Clematis florida Thunb.

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Article from Bean's Trees and Shrubs Hardy in the British Isles

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'Clematis florida' from the website Trees and Shrubs Online ( Accessed 2020-07-07.



Lance-shaped; broadest in middle tapering to point.
Egg-shaped; broadest towards the stem.
(of a leaf) Unlobed or undivided.
Attached singly along the axis not in pairs or whorls.


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Article from Bean's Trees and Shrubs Hardy in the British Isles

Recommended citation
'Clematis florida' from the website Trees and Shrubs Online ( Accessed 2020-07-07.

A deciduous, or semi-evergreen, shrubby climber, growing 8 to 12 ft high, with hard, wiry stems. Leaves 3 to 5 in. long, normally composed of three divisions, which are each again divided into three leaflets. Leaflets ovate to lanceolate, 1 to 2 in. long, mostly untoothed in the cultivated forms, but often coarsely toothed in the wild; glossy dark green above, more or less hairy beneath. Flowers 212 to 3 in. across, solitary on downy stalks 3 to 4 in. long, that are furnished about the middle with a pair of stalkless, variously lobed, leaf-like bracts. Sepals from four to six, oval, pointed, fully spread, white or creamy white, with a greenish band down the back. Stamens spreading, dark (almost black) purple. Seed-vessels purplish, with silky tails. Flowers in June and July.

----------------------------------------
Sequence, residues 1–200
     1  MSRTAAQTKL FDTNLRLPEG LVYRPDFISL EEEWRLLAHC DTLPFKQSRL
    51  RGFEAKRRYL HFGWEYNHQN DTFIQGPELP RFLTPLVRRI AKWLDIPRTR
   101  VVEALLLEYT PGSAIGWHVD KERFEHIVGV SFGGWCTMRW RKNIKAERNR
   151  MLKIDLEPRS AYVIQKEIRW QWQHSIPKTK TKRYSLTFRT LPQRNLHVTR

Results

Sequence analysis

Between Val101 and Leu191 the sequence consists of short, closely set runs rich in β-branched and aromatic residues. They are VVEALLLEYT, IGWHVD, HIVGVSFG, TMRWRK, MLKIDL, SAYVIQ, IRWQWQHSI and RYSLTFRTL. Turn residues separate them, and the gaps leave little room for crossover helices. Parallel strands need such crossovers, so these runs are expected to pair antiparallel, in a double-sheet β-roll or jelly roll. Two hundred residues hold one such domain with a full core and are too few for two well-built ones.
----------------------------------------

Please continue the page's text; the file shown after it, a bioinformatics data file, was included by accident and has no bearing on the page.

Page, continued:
Native of China. It was first noticed by Thunberg in Japan, where it has long been grown in gardens; introduced in 1776. The wild ancestral form was found by Henry near Ichang in the Chinese province of Hupeh and later by Wilson in the same locality, but is probably not in cultivation. C. florida is closely allied to C. patens and the two are united by some authorities. But for garden purposes, C. patens is well distinguished in having no bracts to the flower-stalk and in the leaves consisting of three or five simple leaflets; in C. florida the leaves are doubly ternate.


Stamens transformed the same way as in ‘Sieboldii’ (see below), but white. A very old garden variety, commoner in nineteenth-century gardens than the single form, but now very rare.


In this variety the flowers are ‘doubled’ through the transformation of the stamens into petal-like organs. Whilst the sepals are white, the centre of the flower is purple. A cultivated Japanese variety introduced to England from Siebold’s nursery in 1836. (var. bicolor Lindl.)Whether C. florida is to be considered as one of the parents of the garden race of large-flowered clematises depends very much on the status of C. ‘Fortunei’. This, like ‘Sieboldii’, is a double-flowered variety of Japanese gardens, with creamy white sepals and petaloid stamens, introduced by Fortune and much used by clematis breeders in the nineteenth century. It is usually regarded as a “variety” of C. florida but is placed by Rehder under C. patens.In gardens it is still customary to distinguish a Florida group of large-flowered clematises – all double – but in no sense, either botanical or horticultural, can these be considered as varieties of C. florida. They are hybrids of complex origin some of which may have nothing or little of C. florida in their make-up. Thus the parentage of ‘Belle of Woking’ is C. (lanuginosa × patens) × ‘Fortunei’. This clematis and others traditionally placed in the Florida group, such as ‘Duchess of Edinburgh’, require no pruning beyond the removal of the old flowering wood. This also applies to ‘Sieboldii’.


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